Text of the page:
The Gentlemen of the Road stopover tour started off as a rather simple concept. Mumford & Sons would invite a few of their music-playing friends to travel with them. They’d stop over for the weekend in towns they’d never been to before, towns they had no reason to visit. They would play two days’ worth of gigs for people they’d probably not ever played for before.It was just a small, scattered list of dates in BFE. NBD. Somewhere along the way, it became something much different. And much bigger. The “stopover tour” now looks much more like a takeover tour.
“It’s more about the town than the music,” was a sentiment you could hear echoed all over town. From the security guards to the people charging fans $20 to park in their driveway near the festival grounds. And that is an accurate statement.
When the Gentlemen rolled into Troy on the very last weekend of August they did, indeed, take over the tiny town. They did everything possible to put Troy’s best foot forward. The city center, with the fountain that turns pink in June for a strawberry festival, was closed down. WACO airfield was turned into a magnificent parking lot. Multiple school districts sent school buses to help transport music lovers from the parking lot to just a few blocks away from the festival grounds. You never had to wait for a bus, there were always plenty. Why can’t school districts work their own bussing schedules so fluidly? Even the Wendy’s in the next town stayed open until 2 a.m. in order to cater to Mumford fans.
Mumford & Sons ran Troy’s economy. The bakery served a limited menu and from the window hung loaves of bread shaped like mustaches – the international symbol for “Folk band.” A seemingly otherwise unused storefront became Mumford Market, which sold strawberry donuts and other festival essentials. Every storefront had a purpose, featuring window art of the four Brits in charge, of their acoustic instruments or of that omnipresent mustache (it was even painted on the streets). Aside from the Troy High School football field, which held the main stage and the bulk of fest goers, there were still two small stages downtown and another handful of street performers littering the crowded streets.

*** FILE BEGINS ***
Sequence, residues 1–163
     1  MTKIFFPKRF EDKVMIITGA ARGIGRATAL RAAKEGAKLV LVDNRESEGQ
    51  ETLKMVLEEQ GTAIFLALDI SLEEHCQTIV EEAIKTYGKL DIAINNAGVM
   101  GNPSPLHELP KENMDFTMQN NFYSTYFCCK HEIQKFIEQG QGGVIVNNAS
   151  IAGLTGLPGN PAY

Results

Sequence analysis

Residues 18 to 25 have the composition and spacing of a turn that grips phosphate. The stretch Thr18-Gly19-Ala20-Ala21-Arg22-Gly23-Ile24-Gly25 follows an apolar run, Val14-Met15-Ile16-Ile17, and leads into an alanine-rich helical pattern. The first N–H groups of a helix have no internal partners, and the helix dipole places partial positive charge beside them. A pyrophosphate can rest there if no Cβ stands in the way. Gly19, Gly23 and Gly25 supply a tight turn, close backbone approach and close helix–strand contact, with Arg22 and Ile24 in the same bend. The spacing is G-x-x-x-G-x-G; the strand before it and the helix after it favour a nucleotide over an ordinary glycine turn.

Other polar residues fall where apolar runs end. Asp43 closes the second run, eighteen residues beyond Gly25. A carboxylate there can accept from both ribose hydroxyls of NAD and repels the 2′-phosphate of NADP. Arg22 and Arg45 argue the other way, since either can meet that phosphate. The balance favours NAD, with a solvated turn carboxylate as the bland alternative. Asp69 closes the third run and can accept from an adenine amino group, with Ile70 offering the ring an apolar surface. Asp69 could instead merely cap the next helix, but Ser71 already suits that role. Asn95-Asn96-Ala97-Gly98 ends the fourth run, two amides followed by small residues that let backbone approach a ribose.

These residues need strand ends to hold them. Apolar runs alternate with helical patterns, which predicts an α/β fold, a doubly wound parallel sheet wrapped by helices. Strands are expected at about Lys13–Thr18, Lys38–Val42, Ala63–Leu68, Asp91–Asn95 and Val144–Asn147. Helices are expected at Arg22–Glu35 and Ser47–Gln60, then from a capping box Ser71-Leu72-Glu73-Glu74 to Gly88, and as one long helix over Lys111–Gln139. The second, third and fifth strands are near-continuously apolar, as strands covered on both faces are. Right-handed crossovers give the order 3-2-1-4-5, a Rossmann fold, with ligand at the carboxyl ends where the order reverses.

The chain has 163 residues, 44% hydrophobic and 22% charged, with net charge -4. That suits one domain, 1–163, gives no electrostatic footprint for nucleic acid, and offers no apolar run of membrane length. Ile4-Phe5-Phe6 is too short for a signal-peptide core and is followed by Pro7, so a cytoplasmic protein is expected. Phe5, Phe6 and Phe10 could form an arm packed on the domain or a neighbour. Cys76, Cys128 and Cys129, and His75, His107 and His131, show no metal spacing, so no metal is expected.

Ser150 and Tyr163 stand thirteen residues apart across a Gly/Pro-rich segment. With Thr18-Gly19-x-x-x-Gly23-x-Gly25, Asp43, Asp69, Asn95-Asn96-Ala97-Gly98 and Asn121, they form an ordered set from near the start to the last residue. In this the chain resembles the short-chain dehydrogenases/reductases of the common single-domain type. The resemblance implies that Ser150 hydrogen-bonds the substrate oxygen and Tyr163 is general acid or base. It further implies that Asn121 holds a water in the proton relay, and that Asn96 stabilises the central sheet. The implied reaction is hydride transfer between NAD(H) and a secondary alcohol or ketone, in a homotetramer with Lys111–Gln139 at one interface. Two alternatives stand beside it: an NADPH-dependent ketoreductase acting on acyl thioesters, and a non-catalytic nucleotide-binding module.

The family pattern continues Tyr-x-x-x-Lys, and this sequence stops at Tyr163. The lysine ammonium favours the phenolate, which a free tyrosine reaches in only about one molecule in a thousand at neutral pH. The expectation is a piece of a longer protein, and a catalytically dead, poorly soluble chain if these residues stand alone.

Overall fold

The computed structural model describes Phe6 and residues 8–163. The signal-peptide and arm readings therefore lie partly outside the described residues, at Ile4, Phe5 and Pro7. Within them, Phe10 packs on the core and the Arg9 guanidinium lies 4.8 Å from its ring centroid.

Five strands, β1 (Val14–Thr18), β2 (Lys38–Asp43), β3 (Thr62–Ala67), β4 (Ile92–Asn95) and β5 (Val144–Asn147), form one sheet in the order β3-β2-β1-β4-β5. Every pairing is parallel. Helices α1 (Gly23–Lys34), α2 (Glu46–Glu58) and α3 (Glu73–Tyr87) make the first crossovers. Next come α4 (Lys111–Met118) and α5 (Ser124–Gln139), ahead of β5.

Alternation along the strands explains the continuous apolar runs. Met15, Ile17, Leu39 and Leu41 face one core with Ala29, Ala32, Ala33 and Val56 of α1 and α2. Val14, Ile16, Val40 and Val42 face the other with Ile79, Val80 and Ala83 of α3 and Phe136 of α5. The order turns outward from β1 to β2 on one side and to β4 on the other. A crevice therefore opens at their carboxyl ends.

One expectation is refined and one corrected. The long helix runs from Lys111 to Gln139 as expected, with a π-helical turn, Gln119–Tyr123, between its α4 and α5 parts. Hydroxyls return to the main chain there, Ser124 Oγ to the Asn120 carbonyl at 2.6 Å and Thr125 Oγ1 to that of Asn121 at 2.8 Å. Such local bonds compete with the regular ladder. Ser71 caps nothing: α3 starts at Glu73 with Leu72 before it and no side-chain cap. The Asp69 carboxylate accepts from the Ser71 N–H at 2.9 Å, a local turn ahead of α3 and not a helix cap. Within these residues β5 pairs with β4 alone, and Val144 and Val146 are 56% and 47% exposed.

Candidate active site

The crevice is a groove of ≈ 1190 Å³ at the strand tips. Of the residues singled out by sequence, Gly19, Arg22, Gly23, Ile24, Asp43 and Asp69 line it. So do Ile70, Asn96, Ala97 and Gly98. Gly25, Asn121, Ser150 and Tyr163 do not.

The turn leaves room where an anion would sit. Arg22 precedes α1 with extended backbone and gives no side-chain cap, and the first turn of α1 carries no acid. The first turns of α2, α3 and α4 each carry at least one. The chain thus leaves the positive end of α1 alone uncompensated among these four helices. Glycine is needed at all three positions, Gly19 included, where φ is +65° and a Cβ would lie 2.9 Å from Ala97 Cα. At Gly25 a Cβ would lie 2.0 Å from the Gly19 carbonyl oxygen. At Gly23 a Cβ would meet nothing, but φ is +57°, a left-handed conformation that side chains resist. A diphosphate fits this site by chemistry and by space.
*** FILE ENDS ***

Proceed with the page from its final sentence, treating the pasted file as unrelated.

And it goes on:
Heck, they even took over the Troy Police Department. For a town as tiny as Troy, they can’t possibly have very many cops and it seemed like nearly all of them were roaming around inside the closed-off festival area. You know that hard-assed vibe cops often get, especially when pulling security detail? Troy cops were the nicest (and best looking) unit to pull security at a concert I've seen. One of the highlights of the festival was watching an older (clearly drunk) woman swat an officer’s backside with her tambourine. He was quick to whip around and give her a quirk of the brow. When she gave him a grin and a wink, he laughed, wagged his finger and carried on. Later, as the woman and her tambourine flirted endlessly with one of the security guards, the TPD watched with grins and amusement. Nothing more.